Margaret Thomas Johnston Grant neeWilson was born on 29th June 1933. Her mother was Margaret Johnston, a school catering assistant and jute mill worker at Cox’s Mill, Dundee; her father Charles Wilson was a lead painter at the docks.  She was born with a condition called Osteogenesis Imperfecta (OI) more commonly known as Brittle Bones; the name means just that: bones break very easily. Some people have a mild version, but Margaret’s was moderate to severe and slowly deteriorated. The condition put her in a wheelchair by the time she was in her mid-30’s. In the course of her life she had approximately 400 breaks; she never really counted the small digits such as toes or fingers. 

Although she was intelligent Margaret had very little formal education, attending the Trefoil School in St Abbs between the ages of 13 and16. She then worked as a Printer’s Assistant in the company Valentines of Dundee. In 1960 she married David Grant, whom she met at a country ceilidh at a local church. Margaret was selling the tickets and had made the costumes for her brother’s Scottish dance group, her brother had the dance team and David bought a ticket to the event at the church. 

The next year they had a daughter, Yvonne, who was born with inherited BB.

 Our daughter’s birth brought many cheers
 But all too soon they turned to tears.
 Alas, the doctors were proved wrong,
 Our daughter’s bones were not strong.

When Yvonne was born in 1961 Margaret left work. Nothing much had changed for sufferers with BB. No support, no extra finance. Something had to be done. Margaret wrote to hospitals and put an article in the Sunday Post; twelve families responded, and so the Brittle Bone Society (BBS) was created in 1968, with Margaret its driving force. It was the first charity organisation for brittle bone sufferers in the world and is still (2021) the only charity organisation in the UK for the condition.  

Margaret collaborated with friends in USA and helped set up the European collective of patient organisations (OIFE).  Awards: The Norman Kark Award Disabled Scott of the Year, Dundee Citizen of the year 1975, OIF Award 1990, Tunstall Telecoms National Caring Award. In 1989 she was awarded an MBE and in 2018 she was awarded an Honorary Doctor of Laws by the University of Dundee in the Golden Anniversary of the Brittle Bone Society from the city that she loved and admired.

Her work was, remember, all done from a wheelchair, with huge support from David, who could sometimes be seen pushing two chairs at once. They lived in a 2-bedroom  council house (where the BBS was started) and were also stressed financially. In 1968 her husband David was made redundant but they always managed to go to visit their daughter Yvonne at school in Edinburgh, even although this meant selling their possessions to do so. Yvonne then had employment in a photographic firm before gaining a degree in Information Management from the University of Abertay Dundee.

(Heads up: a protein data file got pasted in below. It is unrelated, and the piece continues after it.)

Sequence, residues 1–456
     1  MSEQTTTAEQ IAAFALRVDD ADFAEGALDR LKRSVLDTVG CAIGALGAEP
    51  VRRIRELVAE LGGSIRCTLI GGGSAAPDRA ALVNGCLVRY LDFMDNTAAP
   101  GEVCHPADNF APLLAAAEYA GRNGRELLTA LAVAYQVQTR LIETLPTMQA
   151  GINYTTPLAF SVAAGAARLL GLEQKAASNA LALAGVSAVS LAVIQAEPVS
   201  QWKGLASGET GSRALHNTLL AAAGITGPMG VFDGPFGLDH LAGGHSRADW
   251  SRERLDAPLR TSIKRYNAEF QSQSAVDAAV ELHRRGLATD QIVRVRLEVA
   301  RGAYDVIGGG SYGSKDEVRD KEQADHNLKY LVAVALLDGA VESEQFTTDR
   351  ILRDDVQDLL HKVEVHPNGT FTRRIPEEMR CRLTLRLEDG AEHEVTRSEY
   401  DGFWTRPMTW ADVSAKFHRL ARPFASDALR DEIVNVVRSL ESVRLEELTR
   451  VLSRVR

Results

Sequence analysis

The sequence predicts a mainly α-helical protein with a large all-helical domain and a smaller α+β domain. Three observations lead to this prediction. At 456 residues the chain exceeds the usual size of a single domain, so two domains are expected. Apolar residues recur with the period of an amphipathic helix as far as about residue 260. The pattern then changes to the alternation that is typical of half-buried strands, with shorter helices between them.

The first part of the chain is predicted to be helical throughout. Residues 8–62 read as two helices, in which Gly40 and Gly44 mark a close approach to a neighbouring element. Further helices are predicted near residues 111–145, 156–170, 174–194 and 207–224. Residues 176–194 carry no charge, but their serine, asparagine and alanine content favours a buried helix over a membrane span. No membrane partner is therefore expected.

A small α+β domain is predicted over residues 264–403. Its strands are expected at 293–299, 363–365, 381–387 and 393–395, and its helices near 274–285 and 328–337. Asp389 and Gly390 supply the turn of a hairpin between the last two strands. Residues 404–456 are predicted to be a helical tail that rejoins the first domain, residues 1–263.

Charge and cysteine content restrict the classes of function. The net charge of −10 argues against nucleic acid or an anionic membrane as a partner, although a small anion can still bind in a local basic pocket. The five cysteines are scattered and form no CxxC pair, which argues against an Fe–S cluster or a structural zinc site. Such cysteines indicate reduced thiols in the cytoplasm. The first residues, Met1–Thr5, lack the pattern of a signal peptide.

At last the government began to recognise families’ needs. Margaret got a car (Morris Minor) but she was required to keep it in a garage so had to sell belongings to buy one.

The BBS went steadily forward. Meetings were always very important, as OI sufferers more often than not felt very isolated. She felt especially fond of child sufferers.  1972 saw their first newsletter, and in 1974 Nuffield funded a first research grant. There followed a national conference and scientific symposium, with the first support grants shortly after. The 1977 AGM was held in Surrey and on TV the popular ‘Magpie’ programme made an appeal and raised £350,000 (the equivalent of £2.4 million in 2020).

 In 1978 two separate caravans were bought, one in Monifieth and the other on the Isle of Wight. During 1979 the office at City Road (a former baker’s) was turned partially into a charity shop. In 1982 the First International gathering was held at St Andrews College, Edinburgh.

In 2010 she and David fund-raised for their golden wedding, and the next year for her 80th birthday. Her last seven years were difficult, but she died peacefully at home on 2nd December 2020 at the age of 87.

By this time the BBS had thousands of members and worked with NHS and medical foundations.

 In 2010 Patricia Osborne was appointed as CEO. The charity continues to offer support to the OI community, and host numerous events and meetings. They still fundraise for specialised wheelchairs and equipment. They are members of the AMRC Association of Medical Research Charities, with their own Medical Advisory Board and Scientific Advisory Board with healthcare professionals from around the UK who specialise in metabolic bone health.

The Society remains active and forward-looking; documentation is held in Dundee University archives, and BBS gifted their archive materials to the University of Dundee in 2011 (History Bones) Archive which is being carefully catalogued for future projects at the University.

Let’s end with Margaret’s own words: 

“ May the only bone that is broken be the Wishbone, and not those of little Children.”